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Miyoko Ito: An Interview
Lyn Blumenthal and Kate Horsfield | 1978 | 54:52 | United States | English | B&W | 4:3 | Video
Miyoko Ito: An Interview
Video Details
Blumenthal/Horsfield | 1978 | 54:52 | United States | English | B&W | 4:3 | Video

Miyoko Ito in conversation with Kate Horsfield. Chicago, 1978.

Close Details
Miyoko Ito: An Interview
Video Details
Blumenthal/Horsfield | 1978 | 54:52 | United States | English | B&W | 4:3 | Video

Miyoko Ito in conversation with Kate Horsfield. Chicago, 1978.

Close Details

About this program:

In 1978 Video Data Bank (VDB) co-founders Lyn Blumenthal and Kate Horsfield conducted an in-depth conversation with the late abstract surrealist Miyoko Ito (1918-1983). We are pleased to make this interview, part of VDB's On Art and Artists collection, avaliable for viewing during the run of Ito's retrospective Heart of Hearts at Artists Space (NY).

This historical interview was edited in 2014 with the support of the Lyn Blumenthal Memorial Fund.

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About Miyoko Ito:

“People say my paintings are the act of creation, and they are. The paintings are very much a part of life, like breathing. It’s very much do or die. I’m growing all the time. All those years of painting is the beginning all over again. It’s so wonderful."

— Miyoko Ito

Miyoko Ito was born in Berkeley (CA) to Japanese parents in 1918. As a young girl, she spent several years with her mother and sister in Japan, where she first experimented with calligraphy and painting. Ito followed in her father’s footsteps by attending the University of California, Berkeley, where she studied watercolor under John Haley, Erle Loran, and Worth Ryder. Months before her graduation in 1942, Ito was sent to Tanforan, an internment camp south of San Francisco. Released years before her new husband, Ito briefly matriculated at Smith College (MA) before transferring to the School of the Art Institute of Chicago (IL), where she received a scholarship but never graduated. Although, like many other Chicago artists, her efforts were highly susceptible to regionalization, Ito participated in the 1975 Whitney Biennial (NY), and was honored with a retrospective exhibition at the Renaissance Society (Chicago) in 1980. She was represented by the Phyllis Kind Gallery in Chicago and New York from the late 1960s through her death in 1983. Recent exhibitions include solo presentations at the University of California, Berkeley Art Museum and Pacific Film Archive, Adam Baumgold Gallery (NY), VeneKlasen/Werner (Germany), and No Vacancies, a group presentation at Marianne Boesky Gallery (NY).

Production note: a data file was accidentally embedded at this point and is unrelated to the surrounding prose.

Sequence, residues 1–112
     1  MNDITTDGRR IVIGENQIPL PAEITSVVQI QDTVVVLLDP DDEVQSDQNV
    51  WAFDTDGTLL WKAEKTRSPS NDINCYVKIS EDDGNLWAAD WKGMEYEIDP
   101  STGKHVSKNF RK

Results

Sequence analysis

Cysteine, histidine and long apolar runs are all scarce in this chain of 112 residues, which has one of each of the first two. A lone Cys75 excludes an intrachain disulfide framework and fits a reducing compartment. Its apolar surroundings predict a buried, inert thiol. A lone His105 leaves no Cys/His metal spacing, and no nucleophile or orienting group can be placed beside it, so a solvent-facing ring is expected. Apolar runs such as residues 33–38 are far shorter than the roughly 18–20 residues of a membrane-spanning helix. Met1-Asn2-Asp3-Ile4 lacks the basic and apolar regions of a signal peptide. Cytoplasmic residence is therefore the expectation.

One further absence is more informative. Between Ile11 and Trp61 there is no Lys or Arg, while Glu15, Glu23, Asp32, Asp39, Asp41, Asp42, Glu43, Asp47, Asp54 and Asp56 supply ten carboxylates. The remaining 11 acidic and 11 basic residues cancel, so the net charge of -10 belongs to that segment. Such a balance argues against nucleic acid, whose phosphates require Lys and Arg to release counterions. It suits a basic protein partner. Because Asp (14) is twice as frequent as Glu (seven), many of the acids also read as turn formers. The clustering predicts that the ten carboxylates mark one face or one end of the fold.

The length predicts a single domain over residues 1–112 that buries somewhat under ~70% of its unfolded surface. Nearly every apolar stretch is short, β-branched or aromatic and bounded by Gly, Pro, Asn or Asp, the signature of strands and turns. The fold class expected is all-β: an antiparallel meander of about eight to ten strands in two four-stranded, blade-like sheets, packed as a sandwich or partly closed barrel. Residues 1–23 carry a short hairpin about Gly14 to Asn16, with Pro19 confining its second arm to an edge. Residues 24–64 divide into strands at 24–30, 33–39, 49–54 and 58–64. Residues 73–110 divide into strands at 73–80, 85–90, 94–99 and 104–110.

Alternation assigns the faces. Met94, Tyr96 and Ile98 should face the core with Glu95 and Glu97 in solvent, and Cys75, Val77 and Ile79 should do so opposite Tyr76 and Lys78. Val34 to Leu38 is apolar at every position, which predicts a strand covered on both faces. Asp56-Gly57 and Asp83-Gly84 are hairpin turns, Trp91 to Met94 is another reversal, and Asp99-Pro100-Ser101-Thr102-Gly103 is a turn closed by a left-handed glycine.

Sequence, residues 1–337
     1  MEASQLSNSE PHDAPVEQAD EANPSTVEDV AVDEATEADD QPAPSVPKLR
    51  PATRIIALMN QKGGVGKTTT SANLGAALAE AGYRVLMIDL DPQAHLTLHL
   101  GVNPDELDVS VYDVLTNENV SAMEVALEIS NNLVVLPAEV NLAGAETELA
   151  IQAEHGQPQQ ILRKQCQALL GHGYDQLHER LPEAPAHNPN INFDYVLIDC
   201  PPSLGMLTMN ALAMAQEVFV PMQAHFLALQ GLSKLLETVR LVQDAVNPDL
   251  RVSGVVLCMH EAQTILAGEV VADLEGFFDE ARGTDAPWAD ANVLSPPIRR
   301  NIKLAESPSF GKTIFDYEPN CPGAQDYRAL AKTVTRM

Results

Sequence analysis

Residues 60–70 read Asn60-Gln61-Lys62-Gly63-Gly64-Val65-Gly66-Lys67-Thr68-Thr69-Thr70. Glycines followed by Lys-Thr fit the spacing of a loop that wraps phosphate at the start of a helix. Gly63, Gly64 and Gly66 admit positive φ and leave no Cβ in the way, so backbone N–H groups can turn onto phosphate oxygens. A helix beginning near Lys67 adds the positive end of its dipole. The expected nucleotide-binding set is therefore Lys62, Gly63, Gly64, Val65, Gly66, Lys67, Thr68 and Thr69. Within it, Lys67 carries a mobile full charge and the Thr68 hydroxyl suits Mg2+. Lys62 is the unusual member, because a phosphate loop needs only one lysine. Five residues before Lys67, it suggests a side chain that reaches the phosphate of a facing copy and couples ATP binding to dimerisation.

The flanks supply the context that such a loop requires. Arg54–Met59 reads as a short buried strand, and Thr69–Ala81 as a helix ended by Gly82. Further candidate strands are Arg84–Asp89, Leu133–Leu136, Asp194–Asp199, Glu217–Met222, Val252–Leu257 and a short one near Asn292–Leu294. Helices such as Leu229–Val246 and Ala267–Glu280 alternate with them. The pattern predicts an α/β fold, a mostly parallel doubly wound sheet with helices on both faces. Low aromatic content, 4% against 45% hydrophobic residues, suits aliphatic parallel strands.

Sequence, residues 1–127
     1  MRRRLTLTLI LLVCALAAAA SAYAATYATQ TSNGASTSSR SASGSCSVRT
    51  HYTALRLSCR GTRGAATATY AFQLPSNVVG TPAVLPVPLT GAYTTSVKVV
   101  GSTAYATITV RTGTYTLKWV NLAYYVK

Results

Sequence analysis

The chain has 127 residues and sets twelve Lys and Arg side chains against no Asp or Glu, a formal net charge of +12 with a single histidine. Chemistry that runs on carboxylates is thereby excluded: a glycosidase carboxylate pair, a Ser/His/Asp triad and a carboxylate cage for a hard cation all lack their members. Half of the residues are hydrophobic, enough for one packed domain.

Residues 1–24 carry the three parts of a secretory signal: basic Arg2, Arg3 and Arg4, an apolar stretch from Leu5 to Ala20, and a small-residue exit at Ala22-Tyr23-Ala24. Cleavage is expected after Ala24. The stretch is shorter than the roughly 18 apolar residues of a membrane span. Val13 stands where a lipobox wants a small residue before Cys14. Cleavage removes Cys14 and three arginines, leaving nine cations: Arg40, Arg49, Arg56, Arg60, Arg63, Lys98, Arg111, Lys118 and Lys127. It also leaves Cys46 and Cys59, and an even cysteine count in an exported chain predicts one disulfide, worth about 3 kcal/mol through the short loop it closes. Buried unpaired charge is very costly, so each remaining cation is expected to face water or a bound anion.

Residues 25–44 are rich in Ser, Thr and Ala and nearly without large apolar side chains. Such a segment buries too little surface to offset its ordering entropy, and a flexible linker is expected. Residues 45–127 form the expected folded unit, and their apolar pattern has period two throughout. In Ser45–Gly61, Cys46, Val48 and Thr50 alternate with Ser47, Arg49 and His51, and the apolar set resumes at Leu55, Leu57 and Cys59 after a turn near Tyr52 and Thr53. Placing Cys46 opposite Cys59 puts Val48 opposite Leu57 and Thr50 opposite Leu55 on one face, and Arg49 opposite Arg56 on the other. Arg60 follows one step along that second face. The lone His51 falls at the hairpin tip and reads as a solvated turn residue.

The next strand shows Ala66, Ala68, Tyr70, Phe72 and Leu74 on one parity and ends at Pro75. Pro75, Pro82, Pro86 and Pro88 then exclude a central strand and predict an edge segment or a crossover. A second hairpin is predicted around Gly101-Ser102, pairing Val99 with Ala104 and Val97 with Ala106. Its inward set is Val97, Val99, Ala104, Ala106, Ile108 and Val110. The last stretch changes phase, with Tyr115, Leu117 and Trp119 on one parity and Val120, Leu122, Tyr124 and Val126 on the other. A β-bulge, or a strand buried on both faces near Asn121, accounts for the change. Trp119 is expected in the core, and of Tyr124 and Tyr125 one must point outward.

About the On Art and Artists collection:

On Art and Artists (OAA) is a unique collection of interviews and portraits of artists, musicians, performers, architects, theorists, and critics, spanning 1974 to the present. The OAA collection represents four decades of producing and acquiring interviews by the Video Data Bank, and features more than 400 available titles, of which at least half are interviews produced by the Video Data Bank and its co-founders Lyn Blumenthal and Kate Horsfield. In addition, the collection offers artist interviews produced by external producers and producing organizations — including Artists Television Network, Long Beach Museum of Art, and the University of Colorado — and experimental documentaries and portraits, many of them produced by other artists.

Over the last forty years the On Art and Artists collection has grown into an archive of considerable cultural and historical significance, comprised of interviews and portraits of some of the most noteworthy contemporary practitioners and thinkers from the U.S. and beyond. Originally conceptualized as a tool by which to provide art students with insight into their chosen creative fields, and the methodologies and processes available to them, the OAA collection now stands as a compelling testimony for wider audiences as to what it means to be an artist.

Recording interviews with artists has played a central role in the activities of the Video Data Bank since its founding, even while the resources were not always available to allow for editing and post-production. For the past several years VDB has been working to remedy this situation and to increase educational access to this significant body of work. With the assistance of funds from the Lyn Blumenthal Memorial Fund, many of the Blumenthal/Horsfield interviews, often unseen for decades, were finally digitized, preserved and edited. As part of an extensive and ongoing drive to preserve and digitize the entire collection, VDB has worked to make scores more of these unique interviews available through its distribution program.

From Abromović to Wodiczko, the On Art and Artists collection offers those interested in art history, contemporary practices and education a rare and rewarding study guide, offering insight into the lives, practices and methodologies of some of the most vital practitioners of our time.

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Miyoko Ito: An Interview

Miyoko Ito was known as an “abstract surrealist.” Her paintings are landscape-based abstractions of very intense subtleties of structure and color.  Ito was born to Japanese parents in Berkeley, CA in 1918. She studied art at the University of California at Berkeley for a short time until she was imprisoned in a Japanese-American camp after the bombing of Pearl Harbor. Ito continued her education in prison, after which she attended Smith College. She was then given a scholarship to attend the School of the Art Institute of Chicago. It was in Chicago that Ito's career as an artist flourished, where she explored cubism and latent abstraction in her works. Ito remained in Chicago until her death in 1983.

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